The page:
She enters into parenting contemplativeness again when Jesus slips away from his parents during a visit to Jerusalem for the Passover and hangs out at the temple, “sitting among the teachers, listening to them and asking them questions.” His parents search for him for three days before they find him chilling with the religious pundits, at which point Mary justifiably pulls out the guilt-scold: “Child, why have you treated us like this? Your father and I have been anxiously searching for you” (Luke 2:46–48).
Jesus retorts with some sass, responding that he was actually in his Father’s house all along, and despite the fact that the text says they don’t understand what he is saying, the next verse explains that again, “his mother treasured all these things in her heart” (2:51). Can I treasure my child’s finding his own way, his asserting his own will, the things I don’t understand about him? Can I treasure all the things, the times when he is adored by others and the times that cause me stress and anxiety?
When I was a teen attending euphoric youth retreats, we sang a song by the Christian band Delirious? called “History Maker.” “I’m gonna be a history maker in this land,” we chanted in unison. “I’m gonna be a speaker of truth to all mankind.” We sang it with gusto as an anthem, a declaration of our intentions, equal parts militant Christianity and individualistic American dream of making our mark on the world. It wasn’t until decades later that I realized this was a lot of pressure to put on a young person. It wasn’t until life got hard in my 20s that I realized I might not make as much history as I had hoped.
In The Different Drum, spiritual writer M. Scott Peck tells a fable of an old monastery that was facing imminent closure, as the five remaining monks were elderly and there were no signs of interest from younger generations. Distraught about the coming death of his community, the abbot seeks advice from a neighboring rabbi, who replies, “I have no advice to give. The only thing I can tell you is that the Messiah is one of you.”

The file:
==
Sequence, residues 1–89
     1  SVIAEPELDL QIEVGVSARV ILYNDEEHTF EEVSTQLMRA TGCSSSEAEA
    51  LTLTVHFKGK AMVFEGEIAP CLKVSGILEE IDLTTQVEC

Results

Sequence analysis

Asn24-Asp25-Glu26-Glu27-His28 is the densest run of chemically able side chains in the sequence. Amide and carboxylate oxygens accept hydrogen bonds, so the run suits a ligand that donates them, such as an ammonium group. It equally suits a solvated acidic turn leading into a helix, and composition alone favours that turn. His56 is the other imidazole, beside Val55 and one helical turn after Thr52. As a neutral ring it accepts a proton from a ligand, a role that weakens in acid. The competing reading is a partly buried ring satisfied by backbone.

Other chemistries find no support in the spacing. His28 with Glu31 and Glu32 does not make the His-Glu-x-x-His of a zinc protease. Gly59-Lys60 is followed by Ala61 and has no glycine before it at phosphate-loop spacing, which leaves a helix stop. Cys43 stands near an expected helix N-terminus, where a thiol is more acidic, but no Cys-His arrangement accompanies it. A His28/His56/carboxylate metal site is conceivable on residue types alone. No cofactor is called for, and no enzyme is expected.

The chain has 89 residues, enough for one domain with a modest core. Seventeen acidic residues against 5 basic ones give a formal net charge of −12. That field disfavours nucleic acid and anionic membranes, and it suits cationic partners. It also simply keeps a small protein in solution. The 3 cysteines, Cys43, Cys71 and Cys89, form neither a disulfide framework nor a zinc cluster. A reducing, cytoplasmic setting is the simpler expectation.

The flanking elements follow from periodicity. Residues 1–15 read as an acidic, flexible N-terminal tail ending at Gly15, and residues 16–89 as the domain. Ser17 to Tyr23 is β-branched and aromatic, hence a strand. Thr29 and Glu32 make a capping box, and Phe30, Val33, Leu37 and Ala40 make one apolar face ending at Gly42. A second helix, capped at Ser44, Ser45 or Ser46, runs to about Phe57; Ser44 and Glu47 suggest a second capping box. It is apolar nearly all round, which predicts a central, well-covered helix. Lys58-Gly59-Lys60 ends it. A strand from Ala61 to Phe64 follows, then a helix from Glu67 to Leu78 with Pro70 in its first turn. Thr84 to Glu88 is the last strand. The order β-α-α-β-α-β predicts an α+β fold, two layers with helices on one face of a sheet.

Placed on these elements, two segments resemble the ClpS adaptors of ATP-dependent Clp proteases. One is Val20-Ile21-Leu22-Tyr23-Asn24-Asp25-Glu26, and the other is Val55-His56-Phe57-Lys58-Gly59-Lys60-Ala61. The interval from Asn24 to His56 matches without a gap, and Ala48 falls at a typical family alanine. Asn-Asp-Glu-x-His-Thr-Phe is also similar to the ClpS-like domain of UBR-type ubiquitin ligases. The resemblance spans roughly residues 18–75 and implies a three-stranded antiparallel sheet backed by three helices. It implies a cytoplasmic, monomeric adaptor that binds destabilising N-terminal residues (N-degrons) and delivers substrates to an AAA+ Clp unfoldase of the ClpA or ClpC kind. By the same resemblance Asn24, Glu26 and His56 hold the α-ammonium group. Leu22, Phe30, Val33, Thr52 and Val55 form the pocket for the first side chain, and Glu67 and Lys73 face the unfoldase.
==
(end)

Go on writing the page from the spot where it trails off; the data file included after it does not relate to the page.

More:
The confused abbot returns home and shares this curious message with his fellow monks. They spend the next several months ruminating on this idea: Which of us could be the messiah? Is it him? Is it me? They begin to think differently about each other, about the qualities each one exhibits. As they do, they begin to treat each other, and each one himself, with the respect they would give to the Messiah.
In the following months and years, visitors to the monastery’s grounds notice a change in the atmosphere. They begin to seek the counsel of the wise, elderly monks. Young men begin to ask if they can join, “thanks to the rabbi’s gift.”
I sometimes think of this strange gift of a conversation with a stranger who suggested I might like to name my child after the Messiah. I think of the gift of elderly neighbors sitting on their front porches or walking down the street who see my two children perched in their little green wagon as I pull them down the street. They wave frantically, say things like, “What sweet children.” “That one’s going to be smart,” our 70-year-old next-door neighbor prophesizes as he presses a dollar into my four-year-old’s hand, and, less prophetically, “a lady-killer.”
I think of the joy of encouraging a child to be the change in this world, and of the way that can tip into feeling they are the only one who can make that change. I think of the tension of holding a blade of grass between two thumbs and ensuring it is taut enough to vibrate when you press your lips against it and blow. Can I hold my parenting in this tension of empowerment and the recognition of the limits of my children’s humanity, imparting to them the joy of seeking justice as well as the joy of just being in this world?
“You’re a special, wonderful child,” I say at bedtime as I press my hand on each of their heads in blessing. “I love you no matter what.” They grin and shake my hand off of their unruly hair, then try to wipe a booger on my arm. I sigh as I reach for a tissue, and I treasure all these things in my heart.